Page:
Charles Brittin: Revolutions: in collaboration with Gallery 169
Shirley Berman at Ocean Park Pier, c. 1957
810 S. Spring Street, Los Angeles, CA, c. 1966
Susie with Signs, Venice, CA, 1959
Berman Family, Venice, CA, c. 1957
Untitled, Los Angeles, CA, 1962
Untitled, Bogalusa, Louisiana , 1965
Civil Rights Demonstration, Torrance, CA, c. 1962
Marlon Brando at a Civil Rights Demonstration, Torrance, CA, c. 1962
He was an absolutely critical figure in Los Angeles, because he was at the intersection of so many things that were happening. He also was one of the great civil and political photographers of the age.
- Andrew Perchuk, Director of the Getty Research Institute
Born in Cedar Rapids, Iowa in 1928, photographer Charles Brittin is widely recognized for his intimate and hard-hitting images of Los Angeles from the 1950s and 60s. When he began using a camera in the 1950s his compassionate style and liberal political leanings led him naturally toward two significant social revolutions unfolding in the city. He captured the profound cultural shift embodied by the California Beat Generation and as the Beat movement gave way to civil unrest in the 1960s, Brittin took his camera to the frontlines of antiwar protests and political actions, producing raw, provocative images of the social change sweeping the country.
Brittin’s photographs convey the creative spirit and collaborative ethos of L.A.’s Beat Generation and the turmoil and triumphs of the civil rights movement, not merely as an observer, but as a passionate participant. He was the unofficial house photographer for an inner circle of likeminded artists, musicians and poets who gathered at the Ferus Gallery and Venice West Cafe including actors Dennis Hopper, Dean Stockwell and poet David Meltzer. His portraits of the movement’s key luminaries like Walter Hopps, Ed Kienholz, and Wallace and Shirley Berman are highly personal and reveal a deeply felt camaraderie while documenting a critical moment in L.A. art history. "A lot of the people Charles took pictures of ended up becoming legendary figures," says Craig Krull of Craig Krull Gallery. ”His photographs are more than just documents of artists and events. They are very incisive and powerful and poetic and tough.”
In the 1960s Brittin’s commitment to activism intensified, becoming the focus of his work. From a young age he identified with oppressed people and wanted to do his part to change the world. As social tensions in America gave way to acts of widespread resistance, Brittin and his third wife, Barbara, worked with the Congress of Racial Equality (C.O.R.E.), traveled to the deep South to register black voters and supported and chronicled the Black Panther movement. Before the civil rights movement, Brittin has said he did not have "the confidence to exploit the opportunities that came my way. Then, something more important than my personal comfort was at stake, so I was able to be aggressive and do things that seemed unnatural to me.” The results are forceful and unambiguous. His image of the splayed legs of a black female protester being gripped by a white officer from a 1965 protest at the Federal Building in L.A. or the stoic grace of a black man being taunted by neo-Nazi protestors convey dramatically and precisely what is taking place.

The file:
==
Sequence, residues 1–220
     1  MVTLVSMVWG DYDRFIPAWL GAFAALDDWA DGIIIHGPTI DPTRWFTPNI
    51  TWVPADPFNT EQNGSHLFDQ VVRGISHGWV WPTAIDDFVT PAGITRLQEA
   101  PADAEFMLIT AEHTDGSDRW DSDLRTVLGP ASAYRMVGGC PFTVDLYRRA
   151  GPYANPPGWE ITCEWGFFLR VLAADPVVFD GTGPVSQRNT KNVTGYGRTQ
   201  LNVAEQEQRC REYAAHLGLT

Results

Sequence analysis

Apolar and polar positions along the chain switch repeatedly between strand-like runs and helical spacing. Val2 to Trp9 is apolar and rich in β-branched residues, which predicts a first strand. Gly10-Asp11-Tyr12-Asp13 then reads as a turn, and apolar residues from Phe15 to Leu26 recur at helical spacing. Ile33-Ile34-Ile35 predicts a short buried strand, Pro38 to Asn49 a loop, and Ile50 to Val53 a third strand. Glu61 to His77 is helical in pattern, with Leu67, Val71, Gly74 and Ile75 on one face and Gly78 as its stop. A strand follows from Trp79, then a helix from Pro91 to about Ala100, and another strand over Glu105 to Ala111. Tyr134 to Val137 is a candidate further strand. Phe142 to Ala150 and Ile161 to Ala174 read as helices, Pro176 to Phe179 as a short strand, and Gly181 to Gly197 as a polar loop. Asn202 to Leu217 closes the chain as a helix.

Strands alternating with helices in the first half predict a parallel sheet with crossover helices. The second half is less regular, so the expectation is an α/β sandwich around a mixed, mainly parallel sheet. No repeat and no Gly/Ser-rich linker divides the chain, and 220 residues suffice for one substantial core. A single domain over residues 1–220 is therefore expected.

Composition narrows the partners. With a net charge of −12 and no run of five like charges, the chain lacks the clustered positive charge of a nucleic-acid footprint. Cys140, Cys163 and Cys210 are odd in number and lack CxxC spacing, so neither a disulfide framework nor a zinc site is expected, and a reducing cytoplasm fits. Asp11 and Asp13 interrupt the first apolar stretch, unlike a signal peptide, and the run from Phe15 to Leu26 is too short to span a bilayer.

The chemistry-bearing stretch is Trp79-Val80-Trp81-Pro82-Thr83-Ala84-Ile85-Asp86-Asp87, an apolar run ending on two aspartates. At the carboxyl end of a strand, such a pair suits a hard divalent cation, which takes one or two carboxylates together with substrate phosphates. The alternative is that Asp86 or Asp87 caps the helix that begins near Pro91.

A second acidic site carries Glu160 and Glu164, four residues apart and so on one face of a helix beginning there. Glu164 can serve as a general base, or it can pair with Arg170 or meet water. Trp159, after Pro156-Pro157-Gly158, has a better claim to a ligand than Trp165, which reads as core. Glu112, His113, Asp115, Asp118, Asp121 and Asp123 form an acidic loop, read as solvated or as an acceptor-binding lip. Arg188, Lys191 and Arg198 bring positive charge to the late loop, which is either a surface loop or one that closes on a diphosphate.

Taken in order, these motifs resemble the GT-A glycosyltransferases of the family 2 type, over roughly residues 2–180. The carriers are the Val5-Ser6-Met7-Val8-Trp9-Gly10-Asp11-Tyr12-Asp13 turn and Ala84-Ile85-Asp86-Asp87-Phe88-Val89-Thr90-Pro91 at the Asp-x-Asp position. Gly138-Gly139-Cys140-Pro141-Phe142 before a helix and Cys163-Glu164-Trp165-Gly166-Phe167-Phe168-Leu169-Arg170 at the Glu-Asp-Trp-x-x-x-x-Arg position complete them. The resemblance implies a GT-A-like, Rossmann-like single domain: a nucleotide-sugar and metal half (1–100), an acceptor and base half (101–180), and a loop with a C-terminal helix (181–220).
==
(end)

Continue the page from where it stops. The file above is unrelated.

Brittin was not only a chronicler of his time by way of his photographs, but also by way of his storytelling. For decades his photo archive was a prominent part of his home on Entrada Drive in Santa Monica Canyon, where he lived for nearly 40 years. Visiting his home was an essential pilgrimage for curators like Walter Hopps, Kristine McKenna, Julian Cox, Craig Krull and others, who would sit at Brittin’s dining table, pouring over boxes of prints while listening to his corresponding tales. That archive is now permanently housed at J. Paul Getty Research Institute and Brittin’s stories can be heard as part of their oral history project.
Since his solo show in 1999 co-curated by Walter Hopps and Craig Krull in Santa Monica, Charles Brittin’s work has generated widespread acclaim. In 2005 his portraits were included in the ground- breaking exhibition on Southern California art "Semina Culture, Wallace Berman and His Circle," curated by Kristine McKenna and Michael Duncan. His work and ephemera from his archive were exhibited as part of the J. Paul Getty's city-wide initiative, Pacific Standard Time in 2011. His photographs continue to be exhibited and published extensively and are the subject of a major monograph: Charles Brittin: West and South; Hatje Cantz; 2011. Brittin died in 2011 at the age of 82.